Chantelle Den Boer looks at her hands and giggles.
For two weeks they’ve been stained a bright pink, bordering on raspberry red. But the 13-year-old hardly notices the stains anymore, it comes with the job, she says.
Chantelle was one of 11 tweens and young teenagers hired to pick raspberries at Berry Bounty Farms on Chilliwack Central Road last month.
While it wasn’t her first job, for most other kids it was.
Berry picking is a coming-of-age employment for many young teens who are too old to stay at home under their parents’ watchful eyes, but too young for real employment.
It’s a good training ground, says Dave Maljaars, who runs the family owned Berry Bounty Farms with his sons.
“These kids are learning about the idea of commitment, of plugging away at something even when it’s not always fun. It’s very good experience for them.”
But it’s not an easy job.
With 31 rows of raspberries extending 1,000 feet that must be picked on both sides, Chantelle’s hands are not only stained, they’re torn up in several places by raspberry prickles. Some days they’ve even cramped up on her.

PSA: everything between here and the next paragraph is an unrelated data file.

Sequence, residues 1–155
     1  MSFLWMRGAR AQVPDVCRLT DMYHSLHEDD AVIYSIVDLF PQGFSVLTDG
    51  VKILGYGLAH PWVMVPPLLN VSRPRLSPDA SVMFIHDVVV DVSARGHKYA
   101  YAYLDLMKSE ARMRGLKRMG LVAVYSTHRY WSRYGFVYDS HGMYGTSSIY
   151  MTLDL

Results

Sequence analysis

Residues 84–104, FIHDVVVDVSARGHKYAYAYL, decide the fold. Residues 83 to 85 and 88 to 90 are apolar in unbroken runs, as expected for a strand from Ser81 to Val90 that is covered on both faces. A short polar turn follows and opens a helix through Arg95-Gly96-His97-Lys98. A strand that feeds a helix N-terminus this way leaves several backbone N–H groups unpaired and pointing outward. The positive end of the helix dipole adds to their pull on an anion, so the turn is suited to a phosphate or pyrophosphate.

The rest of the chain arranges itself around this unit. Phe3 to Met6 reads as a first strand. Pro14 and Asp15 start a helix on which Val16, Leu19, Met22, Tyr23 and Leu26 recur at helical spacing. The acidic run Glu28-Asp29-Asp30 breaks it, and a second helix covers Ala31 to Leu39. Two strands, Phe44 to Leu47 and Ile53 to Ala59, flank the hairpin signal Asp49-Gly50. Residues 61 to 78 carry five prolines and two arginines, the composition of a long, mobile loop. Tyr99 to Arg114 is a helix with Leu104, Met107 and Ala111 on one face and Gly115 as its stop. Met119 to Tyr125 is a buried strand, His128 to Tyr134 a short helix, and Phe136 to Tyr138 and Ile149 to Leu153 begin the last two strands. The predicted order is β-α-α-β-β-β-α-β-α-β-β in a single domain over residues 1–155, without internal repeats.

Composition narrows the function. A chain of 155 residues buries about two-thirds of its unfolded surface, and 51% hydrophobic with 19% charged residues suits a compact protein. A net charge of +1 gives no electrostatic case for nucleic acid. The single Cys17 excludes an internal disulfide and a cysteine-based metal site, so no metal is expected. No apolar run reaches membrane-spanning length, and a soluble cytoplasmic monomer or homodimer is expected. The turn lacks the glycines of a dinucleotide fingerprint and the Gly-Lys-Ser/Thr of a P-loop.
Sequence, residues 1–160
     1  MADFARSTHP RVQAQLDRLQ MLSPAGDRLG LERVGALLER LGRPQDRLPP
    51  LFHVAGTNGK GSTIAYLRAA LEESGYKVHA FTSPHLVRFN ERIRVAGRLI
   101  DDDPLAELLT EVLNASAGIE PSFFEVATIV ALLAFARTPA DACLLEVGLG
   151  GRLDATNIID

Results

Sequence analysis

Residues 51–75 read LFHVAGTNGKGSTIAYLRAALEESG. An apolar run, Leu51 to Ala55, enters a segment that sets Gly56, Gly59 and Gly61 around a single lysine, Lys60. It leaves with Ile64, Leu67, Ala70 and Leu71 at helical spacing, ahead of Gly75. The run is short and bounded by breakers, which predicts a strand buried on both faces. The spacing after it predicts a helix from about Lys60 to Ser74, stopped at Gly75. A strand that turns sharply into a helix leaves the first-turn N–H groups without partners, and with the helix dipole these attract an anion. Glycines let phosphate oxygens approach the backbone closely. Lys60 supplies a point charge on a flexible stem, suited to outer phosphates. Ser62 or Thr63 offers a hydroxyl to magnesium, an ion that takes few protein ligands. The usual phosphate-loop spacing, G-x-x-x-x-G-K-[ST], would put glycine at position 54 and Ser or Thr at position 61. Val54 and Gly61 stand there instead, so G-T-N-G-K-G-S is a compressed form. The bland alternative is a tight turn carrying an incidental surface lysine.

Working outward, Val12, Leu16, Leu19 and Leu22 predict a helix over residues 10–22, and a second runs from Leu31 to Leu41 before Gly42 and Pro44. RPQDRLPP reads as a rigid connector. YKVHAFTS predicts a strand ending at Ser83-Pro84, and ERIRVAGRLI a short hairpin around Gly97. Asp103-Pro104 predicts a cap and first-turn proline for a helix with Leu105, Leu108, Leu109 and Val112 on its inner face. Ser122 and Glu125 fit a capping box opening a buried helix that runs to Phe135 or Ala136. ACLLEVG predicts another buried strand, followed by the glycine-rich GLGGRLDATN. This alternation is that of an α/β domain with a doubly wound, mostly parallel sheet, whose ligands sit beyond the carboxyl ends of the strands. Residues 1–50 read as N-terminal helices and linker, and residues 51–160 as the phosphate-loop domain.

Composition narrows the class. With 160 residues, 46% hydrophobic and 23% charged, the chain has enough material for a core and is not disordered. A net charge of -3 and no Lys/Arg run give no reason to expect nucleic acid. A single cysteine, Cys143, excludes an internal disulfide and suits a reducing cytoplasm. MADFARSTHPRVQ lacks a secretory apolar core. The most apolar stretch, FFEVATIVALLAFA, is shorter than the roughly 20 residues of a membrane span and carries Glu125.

“Depending on how good the berries are, it usually takes me until lunch to finish a row,” she says, her arms covered with sleeves, legs hidden by pants and feet stuck in gumboots – her strategy to ward off the bugs, prickles, and early morning dew on the ground.
“It can get messy,” she smiles.
After three weeks on the farm, 12-year-old Laurans Bosman, who was picking three to four flats a day, says his picking pace is slowing down.
“I’m a little tired,” he says, only managing to pick two flats by noon. “My back is feeling a bit sore.”
Can you blame him?
While many kids his age are spending their holidays sleeping until noon, Bosman and his fellow berry pickers are up at 5 a.m., on the job by 6 a.m.
It doesn’t matter if the sun is blistering hot, or the rain pummeling down, these kids pick. It doesn’t matter if there are bees buzzing around or mosquitos feeding off them, these kids pick. It doesn’t matter if the berries are plentiful or scarce, these kids pick.
“I wanted to make some extra money,” says Chantelle.
On average, she can pick two flats of berries by noon. At 65 cents a pound, 12 pounds of berries per flat, she makes approximately $15.60 for six hours of employment – $2.60 an hour.
Some might balk at such pay, but Chantelle loves it. While her bosses are sticklers for picking the bushes clean of good berries, and making sure the flats are a solid 12 pounds, not an ounce less and no filler berries, they’re relaxed in many other areas.
What other job allows its workers to eat as many berries as their bellies can contain or engage in spontaneous raspberry wars?
“Yah, I like eating the berries,” Chantelle says, the sweet berry aroma wafting off a nearby bush. “It’s almost like instant jam.”